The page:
After disastrously losing all its tigers, Panna looks to be on the road to recovery
As a regular visitor of India’s forests, the prospect of a maiden visit to Panna National Park didn’t really excite me. After all, in 2009, Panna declared itself ‘tigerless’. It was common knowledge that the lax park authorities had implicitly aided the mass slaughter of tigers, and four years seemed too short a span to replenish the park and stabilise a tiger population that had dropped to a naught.
Knowing the lackadaisical approach to most things in our country, I was certain that Panna’s struggle would be a long-drawn out affair that would mirror the fortunes of Sariska, another high profile park to have been emptied of tigers. But it wasn’t just the dearth of tigers that put me off; time and time again, we’ve seen jungles purged of their apex predators, lose their sheen, and morph into tepid tourist offerings. That’s where my reluctance to visit really stemmed from.
But nevertheless I landed up in Panna on a sweltering summer afternoon, and started to mentally prepare myself for what I thought would be a disappointingly drab evening safari. Oddly though, upon entering the park, I felt my cynicism, gradually but inexplicably, turn to revelry, in spite of the seeming paucity of big cats. Little did I realise that Panna had already started to cast its spell on me.
Panna was an aesthete’s fantasy—a spread of emerald green undulating into the horizon, tablelands that fall steeply at the edges to form majestic cliff faces, and the river Ken meandering through the jaw-dropping panorama, all evoked a sense of poetic perfection. The plentiful vistas aside, what genuinely satiated the soul was the all-encompassing tranquility, courtesy the low tourist influx. I felt like I had the park to myself, a feeling that’s hard to encounter in the more popular parks of the county.
In the absence of other clattery engines for company, we chose to turn off our own, bide our time, and let our auditory senses do the tracking. Half an hour later came our first clue—a sambhar bellowed somewhere close, signaling the presence of a predator in the vicinity. However, despite painstakingly searching the area twice over, the closest to we got to one was in the form of a Brown fish-owl, pensively perched atop a rock, casting forlorn glances all around. Whatever had alarmed the sambhar had slipped away. I had to temper my raised hopes and acquiesce to the fact that spotting a tiger in a park that was still in the throes of recovery was indeed too long a shot.
Then suddenly, on our way out of the park, just as my thoughts had started to drift away from the jungle, our gypsy came to a loud, screeching halt! At almost the same time, the guide screamed “leopard”! I deliriously scanned my surroundings, but to my utter dismay there wasn’t a single spot to be seen. My guide frantically pointed towards a point past the bonnet of the vehicle… and voila, crouched in the knee-high grass, in a manner that belied its sturdy, supple physique, was a well-camouflaged leopard. After reassuring itself that we meant no harm, the remarkably gorgeous beast got up on all fours, and nonchalantly strutted away, looking back once to cast a disdainful glance towards us.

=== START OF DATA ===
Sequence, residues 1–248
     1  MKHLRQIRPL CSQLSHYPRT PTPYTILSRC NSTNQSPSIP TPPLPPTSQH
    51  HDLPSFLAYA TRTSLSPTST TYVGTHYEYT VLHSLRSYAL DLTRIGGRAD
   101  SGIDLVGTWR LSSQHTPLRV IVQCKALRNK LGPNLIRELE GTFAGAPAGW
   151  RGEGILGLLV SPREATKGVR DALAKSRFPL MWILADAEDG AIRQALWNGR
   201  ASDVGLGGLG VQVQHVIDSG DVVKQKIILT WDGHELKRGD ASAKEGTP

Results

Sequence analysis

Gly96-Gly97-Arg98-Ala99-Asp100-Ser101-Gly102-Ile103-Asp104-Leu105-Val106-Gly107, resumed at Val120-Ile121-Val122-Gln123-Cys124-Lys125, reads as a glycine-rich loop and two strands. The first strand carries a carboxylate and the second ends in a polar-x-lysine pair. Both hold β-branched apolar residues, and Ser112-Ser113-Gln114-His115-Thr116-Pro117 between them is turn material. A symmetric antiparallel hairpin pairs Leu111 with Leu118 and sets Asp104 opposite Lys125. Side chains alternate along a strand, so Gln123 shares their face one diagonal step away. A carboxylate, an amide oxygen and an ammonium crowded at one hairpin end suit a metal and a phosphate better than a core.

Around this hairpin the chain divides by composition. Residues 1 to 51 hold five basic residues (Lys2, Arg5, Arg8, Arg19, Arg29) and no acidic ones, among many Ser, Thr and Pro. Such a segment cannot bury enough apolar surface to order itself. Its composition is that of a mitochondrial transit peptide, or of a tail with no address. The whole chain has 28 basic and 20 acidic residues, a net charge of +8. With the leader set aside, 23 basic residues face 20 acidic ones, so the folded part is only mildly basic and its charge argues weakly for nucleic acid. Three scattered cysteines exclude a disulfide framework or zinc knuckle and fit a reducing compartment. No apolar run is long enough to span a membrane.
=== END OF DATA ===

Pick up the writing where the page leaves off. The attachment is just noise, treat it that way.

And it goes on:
I learnt later that the disappearance of their larger cousins left a gaping territorial void in the forest, and so the leopards duly took advantage, turning Panna into a thriving leopard habitat. However, as exhilarated as I was after the chance encounter, I worried if the fresh crop of tigers reintroduced from the other big ticket parks of Madhya Pradesh would manage to reclaim territory from their smaller, spotted brethren?
Once again, Panna pulled the proverbial rabbit out of the hat, making a complete mockery of my misgivings. I spent the greater half of my final hour in the park feasting my eyes on a majestic collared tigress (most of Panna’s tigers are collared, to keep them constantly under surveillance), who blessed us with a sublime spectacle by standing tall over the grass that had for so long conspired to keep her out of sight. A cheetal sauntered into the same grassy clearing soon after, getting dangerously close to the lurking tiger, completely unaware of its proximity. The air was rife with tension—was a hunt on the cards?
But alas, I stopped chewing my nails in anticipation as soon as I realised that the tigress wasn’t the only thing that the tall grass had been hiding; the tigress had been feasting on a half-eaten deer carcass. The icing on the cake was the heart-warming sight of two cubs that had broken cover to reveal themselves, as they followed their mother into another heavy thicket and vanished out of sight. The now empty grassy plain teased me with more secrets lying in store. It summed up the magic of Panna—there’s always more to this jungle than meets the eye.